The year was 1964, and I was in high school. I had an adventurous friend named Dan, an older brother Mike who thought pornography might broaden my education, and a dangerous love of chemistry.
The chemicals obviously affected our minds… (Actually, we’d discovered a trunkful of antiquated menswear)
Dan and I were in the same chem class and decided what we needed most was a first-class, personal laboratory. You know, the kind of place where enterprising chemists could risk life and limb in the pursuit of scientific experiments forbidden in any school environment. His father Mel agreed to our using the attic room above his garage for our experimental facility, so we started moving things up the narrow staircase and under the sloping roof. At one end two metal lockers supported a large concrete tabletop. We hauled up a creaking armoire to hold our stock of chemical reagents and outdated chemistry manuals. And then we conned—er, convinced—our chemistry teacher to allow us to take home leftover chemicals at the end of each school day in return for washing up the school’s lab equipment. A win-win: he avoided doing the dishes, and we had open access to a wide selection of dangerous chemicals and elements. Brilliant, no? No.
Wearing long rubberized aprons, elbow-high gloves, and protective goggles purchased at the Army/Navy outlet, we got to work using an old chemistry manual. For starters, we produced a compound which, as it dried, became very volatile. A slight wind could set it off, sending any large glass beaker flying into the neighbor’s back yard in a loud and purple explosion. Placed strategically under a gym toilet seat and left to dry out on its own, this compound was reputed to create quite a surprise when someone sat down. And leave a lasting purple stain. Or so it was said.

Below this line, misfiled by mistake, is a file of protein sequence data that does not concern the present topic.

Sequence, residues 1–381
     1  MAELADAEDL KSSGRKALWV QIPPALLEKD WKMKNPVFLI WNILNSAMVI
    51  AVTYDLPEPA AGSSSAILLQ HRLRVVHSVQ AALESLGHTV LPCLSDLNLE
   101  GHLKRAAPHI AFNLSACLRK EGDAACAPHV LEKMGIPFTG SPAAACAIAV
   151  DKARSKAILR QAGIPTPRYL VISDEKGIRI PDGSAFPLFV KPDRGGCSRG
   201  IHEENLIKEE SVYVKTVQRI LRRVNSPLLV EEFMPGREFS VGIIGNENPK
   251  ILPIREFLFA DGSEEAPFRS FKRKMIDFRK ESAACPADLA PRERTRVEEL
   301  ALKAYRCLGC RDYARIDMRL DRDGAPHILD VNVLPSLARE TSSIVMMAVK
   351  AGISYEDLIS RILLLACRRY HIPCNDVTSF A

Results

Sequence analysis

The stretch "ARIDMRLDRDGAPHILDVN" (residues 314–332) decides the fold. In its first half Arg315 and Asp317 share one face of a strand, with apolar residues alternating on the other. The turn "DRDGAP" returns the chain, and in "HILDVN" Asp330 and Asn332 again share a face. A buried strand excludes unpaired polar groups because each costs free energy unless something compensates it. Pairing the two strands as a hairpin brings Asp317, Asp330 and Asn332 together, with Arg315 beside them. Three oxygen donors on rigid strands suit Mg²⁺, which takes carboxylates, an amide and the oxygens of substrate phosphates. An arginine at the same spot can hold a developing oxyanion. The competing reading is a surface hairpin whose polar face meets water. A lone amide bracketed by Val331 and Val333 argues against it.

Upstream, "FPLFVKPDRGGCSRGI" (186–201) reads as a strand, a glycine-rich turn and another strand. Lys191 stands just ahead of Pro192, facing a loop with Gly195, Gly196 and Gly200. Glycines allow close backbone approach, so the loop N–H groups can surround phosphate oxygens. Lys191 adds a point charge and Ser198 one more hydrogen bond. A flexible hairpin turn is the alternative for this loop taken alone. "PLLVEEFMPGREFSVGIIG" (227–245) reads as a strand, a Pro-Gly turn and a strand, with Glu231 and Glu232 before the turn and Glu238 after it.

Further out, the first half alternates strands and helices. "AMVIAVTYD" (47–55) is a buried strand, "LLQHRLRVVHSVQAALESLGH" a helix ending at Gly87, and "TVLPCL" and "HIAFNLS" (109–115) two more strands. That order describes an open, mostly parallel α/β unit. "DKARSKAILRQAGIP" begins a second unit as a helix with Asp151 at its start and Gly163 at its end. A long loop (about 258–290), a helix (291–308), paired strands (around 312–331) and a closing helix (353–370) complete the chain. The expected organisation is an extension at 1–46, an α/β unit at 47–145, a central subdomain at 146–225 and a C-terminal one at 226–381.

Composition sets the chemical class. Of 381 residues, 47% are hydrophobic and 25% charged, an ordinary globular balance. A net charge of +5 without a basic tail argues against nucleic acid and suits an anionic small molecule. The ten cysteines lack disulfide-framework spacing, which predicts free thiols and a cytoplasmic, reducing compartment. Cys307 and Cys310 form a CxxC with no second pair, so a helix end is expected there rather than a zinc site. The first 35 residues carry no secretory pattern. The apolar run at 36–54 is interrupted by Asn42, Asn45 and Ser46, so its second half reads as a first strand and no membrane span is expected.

Another experiment was creating red fuming nitric acid. A single spilled drop proved capable of burning clear through the linoleum flooring and the wood sheathing beneath, and piercing a 2”x8” wooden joist, leaving a nice peep-hole from the lab to the concrete garage floor ten feet below. You get the idea. Dan and I weren’t perhaps the most sane chemistry students in school, but we certainly were the most creative. And before long our lab was as well-equipped as the best professional lab. Starting with a few beakers, flasks, glass piping, and a Bunsen burner, we eventually scrounged from second-hand stores miscellaneous lab gear designed to risk the lives of the experimenters as well as the neighborhood.
So along comes World War I. Or rather, that was the subject matter in our history class, and Dan and I volunteered to make—as an extracurricular project, of course—a slideshow of the final battle of that war. Our tabletop diorama featured genuine toxic gas clouds, actual explosive landmines and shell blasts, and toy soldiers and tanks. We also had flaming Fokker and Sopwith Camel airplanes suspended from monofilament lines, set afire, and dripping toxic melting plastic and paint on the display below. Snapping photos left and right while holding our breath as we filled the attic with poisonous gases, we got the shots we needed, then fled down the narrow stairs in a desperate attempt to avoid being belated casualties of WWI. We collided with Dan’s dad. who was rapidly ascending with a fire extinguisher in a rush to save his garage from extinction as smoke and gas clouds billowed from the attic windows.